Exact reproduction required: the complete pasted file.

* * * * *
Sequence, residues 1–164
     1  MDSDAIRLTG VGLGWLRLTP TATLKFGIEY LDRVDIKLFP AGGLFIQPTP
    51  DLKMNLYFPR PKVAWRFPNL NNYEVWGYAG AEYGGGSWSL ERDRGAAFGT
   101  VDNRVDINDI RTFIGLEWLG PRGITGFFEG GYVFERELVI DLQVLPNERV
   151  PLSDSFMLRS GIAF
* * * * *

Sequence, residues 1–164
     1  MDSDAIRLTG VGLGWLRLTP TATLKFGIEY LDRVDIKLFP AGGLFIQPTP
    51  DLKMNLYFPR PKVAWRFPNL NNYEVWGYAG AEYGGGSWSL ERDRGAAFGT
   101  VDNRVDINDI RTFIGLEWLG PRGITGFFEG GYVFERELVI DLQVLPNERV
   151  PLSDSFMLRS GIAF